Mac Wilson reflects on the Beatles' 'White Album' on its 50th anniversary


The Beatles - 1968
Three of four Beatles -- John Lennon, George Harrison and Paul McCartney -- gather in a studio in 1968. (Keystone Features/Getty Images)

When the Beatles' albums were reissued on CD in 2009, The Current staff reviewed each of their albums. I was asked to review their self-titled album, commonly known as "the White Album." I felt it was the one time I was ever able to encapsulate my feelings about the record into one written piece, so I was pleasantly surprised when our digital team managed to unearth it from our digital library.

The fact that we have a copy of this piece ties into my headspace at the time I wrote it: it was fall 2009, my wife had just given birth to our son, and it was a fresh opportunity to make sure the Beatles and their music lived on to a new generation. I made it a point to get each one of the Beatles reissues on CD, with the idea being that I would one day bequeath them to my son. In the way our brains work when we're sleep-deprived 25-year-olds trying to make ambitious plans for the future, a couple things never occurred to me:

1.) What if I have more kids? Do I go out and buy fifteen compact discs for each of them as part of their own inheritance? As our family has indeed grown by two in the subsequent years, this would be an issue, if not for the fact that…

2.) Everything is streamable now! I was cooking a pizza the other day, and I was able to start Justin Timberlake's "Can't Stop the Feeling!" for the umpteenth time by tapping my phone. Barring a collapse of the streaming model, and/or EMP that wipes our digital data altogether (check back in 9 years to see which of these predictions have come true!) my kids will one day be able to dial up those Beatles albums whenever they like, which means those cherished CDs will most likely sit on their shelf in the basement, between the furnace and the toolbench.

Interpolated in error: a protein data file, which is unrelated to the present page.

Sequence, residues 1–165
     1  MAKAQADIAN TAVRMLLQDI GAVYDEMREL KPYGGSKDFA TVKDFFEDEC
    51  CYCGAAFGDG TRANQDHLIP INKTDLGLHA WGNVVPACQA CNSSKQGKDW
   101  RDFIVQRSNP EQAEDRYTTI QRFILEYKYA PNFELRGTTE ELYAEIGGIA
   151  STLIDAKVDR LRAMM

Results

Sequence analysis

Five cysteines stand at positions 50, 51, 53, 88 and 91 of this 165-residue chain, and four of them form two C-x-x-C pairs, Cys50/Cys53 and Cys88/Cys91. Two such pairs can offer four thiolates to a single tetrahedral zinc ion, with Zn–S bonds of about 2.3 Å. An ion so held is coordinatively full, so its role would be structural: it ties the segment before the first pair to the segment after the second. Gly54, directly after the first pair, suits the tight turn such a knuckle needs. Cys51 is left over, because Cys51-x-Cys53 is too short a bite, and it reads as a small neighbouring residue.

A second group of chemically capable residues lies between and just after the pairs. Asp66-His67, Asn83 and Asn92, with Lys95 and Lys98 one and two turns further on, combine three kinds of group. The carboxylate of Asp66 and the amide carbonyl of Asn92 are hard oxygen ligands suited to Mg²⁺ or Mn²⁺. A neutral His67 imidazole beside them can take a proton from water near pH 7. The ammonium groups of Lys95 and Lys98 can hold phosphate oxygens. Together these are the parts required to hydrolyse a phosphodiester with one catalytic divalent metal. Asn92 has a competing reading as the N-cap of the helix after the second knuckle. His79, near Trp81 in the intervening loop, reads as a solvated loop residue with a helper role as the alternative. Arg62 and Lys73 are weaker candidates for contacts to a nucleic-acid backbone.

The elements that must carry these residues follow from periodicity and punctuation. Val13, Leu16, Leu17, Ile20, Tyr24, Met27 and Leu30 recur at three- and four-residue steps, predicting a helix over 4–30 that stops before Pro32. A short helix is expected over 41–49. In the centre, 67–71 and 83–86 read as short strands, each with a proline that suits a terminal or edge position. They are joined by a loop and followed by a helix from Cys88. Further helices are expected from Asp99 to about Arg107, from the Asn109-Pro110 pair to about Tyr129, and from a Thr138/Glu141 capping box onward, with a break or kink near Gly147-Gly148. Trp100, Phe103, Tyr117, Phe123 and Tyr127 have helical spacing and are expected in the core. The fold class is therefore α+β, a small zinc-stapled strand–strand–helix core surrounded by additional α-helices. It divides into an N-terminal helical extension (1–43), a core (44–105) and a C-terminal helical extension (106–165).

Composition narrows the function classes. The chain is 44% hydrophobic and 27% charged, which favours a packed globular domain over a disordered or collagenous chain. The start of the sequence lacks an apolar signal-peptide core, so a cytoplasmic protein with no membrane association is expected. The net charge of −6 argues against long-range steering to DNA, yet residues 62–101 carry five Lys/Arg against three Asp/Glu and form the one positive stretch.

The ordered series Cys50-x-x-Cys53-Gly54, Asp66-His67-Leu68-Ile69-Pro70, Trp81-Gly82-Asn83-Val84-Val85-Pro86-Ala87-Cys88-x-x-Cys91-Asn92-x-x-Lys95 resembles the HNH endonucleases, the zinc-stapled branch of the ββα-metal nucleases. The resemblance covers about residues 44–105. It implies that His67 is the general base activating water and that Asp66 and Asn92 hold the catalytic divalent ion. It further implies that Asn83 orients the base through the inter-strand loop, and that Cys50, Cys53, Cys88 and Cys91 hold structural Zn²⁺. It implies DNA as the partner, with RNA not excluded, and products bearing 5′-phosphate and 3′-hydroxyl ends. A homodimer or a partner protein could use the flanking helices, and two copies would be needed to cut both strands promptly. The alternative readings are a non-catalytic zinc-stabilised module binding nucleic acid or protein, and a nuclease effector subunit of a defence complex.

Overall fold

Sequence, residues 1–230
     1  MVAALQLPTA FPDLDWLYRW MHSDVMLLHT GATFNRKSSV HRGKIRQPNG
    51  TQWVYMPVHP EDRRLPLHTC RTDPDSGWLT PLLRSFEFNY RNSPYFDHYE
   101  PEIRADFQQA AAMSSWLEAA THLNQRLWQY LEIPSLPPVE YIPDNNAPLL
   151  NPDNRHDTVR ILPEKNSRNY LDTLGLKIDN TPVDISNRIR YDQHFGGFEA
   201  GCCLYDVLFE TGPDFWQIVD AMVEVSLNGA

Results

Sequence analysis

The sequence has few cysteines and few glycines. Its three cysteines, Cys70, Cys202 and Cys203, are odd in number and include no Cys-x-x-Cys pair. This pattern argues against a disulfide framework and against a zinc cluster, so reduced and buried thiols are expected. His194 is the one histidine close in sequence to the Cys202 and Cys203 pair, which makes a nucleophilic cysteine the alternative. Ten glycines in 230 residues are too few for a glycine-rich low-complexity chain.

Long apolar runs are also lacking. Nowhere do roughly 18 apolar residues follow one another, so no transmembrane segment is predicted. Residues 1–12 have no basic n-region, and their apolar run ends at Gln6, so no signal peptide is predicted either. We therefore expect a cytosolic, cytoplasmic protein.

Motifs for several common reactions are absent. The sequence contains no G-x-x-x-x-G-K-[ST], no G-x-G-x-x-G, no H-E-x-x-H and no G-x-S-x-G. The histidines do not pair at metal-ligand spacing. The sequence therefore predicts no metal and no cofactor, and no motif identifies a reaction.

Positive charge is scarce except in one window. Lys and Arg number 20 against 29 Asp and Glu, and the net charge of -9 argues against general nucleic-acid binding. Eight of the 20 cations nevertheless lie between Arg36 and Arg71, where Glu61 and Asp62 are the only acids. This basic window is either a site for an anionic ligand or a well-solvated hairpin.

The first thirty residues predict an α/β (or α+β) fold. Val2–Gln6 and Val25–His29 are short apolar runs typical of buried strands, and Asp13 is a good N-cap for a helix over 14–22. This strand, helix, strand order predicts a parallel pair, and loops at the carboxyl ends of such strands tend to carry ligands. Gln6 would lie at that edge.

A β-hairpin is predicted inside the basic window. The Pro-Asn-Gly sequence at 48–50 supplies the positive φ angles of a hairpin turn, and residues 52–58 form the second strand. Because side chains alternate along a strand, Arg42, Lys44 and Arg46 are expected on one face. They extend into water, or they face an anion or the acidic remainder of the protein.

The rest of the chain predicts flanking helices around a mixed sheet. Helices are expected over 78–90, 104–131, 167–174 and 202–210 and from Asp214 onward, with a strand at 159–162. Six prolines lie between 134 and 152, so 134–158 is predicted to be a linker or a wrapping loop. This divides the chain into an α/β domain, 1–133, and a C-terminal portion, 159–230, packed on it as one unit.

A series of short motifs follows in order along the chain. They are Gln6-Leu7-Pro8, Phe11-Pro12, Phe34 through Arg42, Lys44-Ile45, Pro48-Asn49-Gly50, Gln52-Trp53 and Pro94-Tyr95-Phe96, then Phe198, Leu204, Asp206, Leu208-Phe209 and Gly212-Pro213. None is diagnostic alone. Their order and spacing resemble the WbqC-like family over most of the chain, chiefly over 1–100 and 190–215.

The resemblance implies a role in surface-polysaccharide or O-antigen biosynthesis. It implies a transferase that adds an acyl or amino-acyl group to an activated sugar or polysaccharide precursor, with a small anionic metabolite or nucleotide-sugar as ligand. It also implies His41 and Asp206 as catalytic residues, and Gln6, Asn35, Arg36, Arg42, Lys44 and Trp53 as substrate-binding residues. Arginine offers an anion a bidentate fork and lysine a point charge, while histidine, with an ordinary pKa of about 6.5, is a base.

On a structural level I'm not sure I'll ever be able to say more than I did in 2009; on a spiritual level, the major observation I've had about the album as I've grown older is its menacing undercurrent of violence. In my review of Mitski's Be the Cowboy earlier this year, I alluded to the ways various releases from 2018 have mirrored the White Album, and one allusion I didn't add to the piece was Courtney Barnett's newest, Tell Me How You Really Feel. Every shocking new news story from this year seems to reverberate around Barnett's guitar chords on the album, in the same way the events of 1968 reverberate around the chords of "Helter Skelter." I can't say that I'm excited that I can now more viscerally empathize with what it must have been like to be alive in 1968, but it also does allow me to grasp the magnitude of the Beatles' accomplishment: there's real terror and horror beneath the seeming frivolity.

The Beatles in London, 1968
The Beatles at St. Pancras Old Church in London on July 28, 1968. (Apple Corps Ltd via NPR)

The White Album got another reissue this year, this time as a deluxe box set with a remastered version, plus the fabled "Esher" demos and a wealth of in-studio outtakes. While there are some worthwhile moments of revelation, the "how" of the White Album still pales in comparison to the simple "what": these songs, their sequence, hearing them together as a whole as described in this piece. Every time I feel like I've said all that I can say about this album, I sit down to dash off "just a few more words" and suddenly we're 600 words in. Please enjoy my piece from 2009; the next time you hear about the White Album from me, for all we know, it may be a book.

It is August 2000. My knowledge of the Beatles is gradually expanding beyond the 1962-1966 and 1967-1970 compilations (colloquially known as the Red and Blue Albums) as my sister and I amuse ourselves by perusing the trippy booklet accompanying my father's Magical Mystery Tour vinyl. But I've been holding back in my thirst for exploring the Beatles' music, and my dad knows it. He comes upstairs, nods knowingly for a moment, and asks, "Are you ready for the White Album?"

It is August 2009. I am standing at the Minnesota State Fair with my month-old son, Theo, having just finished watching Jeremy Messersmith perform a handful of his Beatlesque songs at the MPR booth. As the sun begins to dip behind the trees in the late afternoon sky, I strike up a conversation with my boss, Jim McGuinn, about Theo's musical tastes. Jim is about to leave when he casually mentions, almost as an afterthought, "Oh yeah, your copy of the White Album is in your mailbox at work."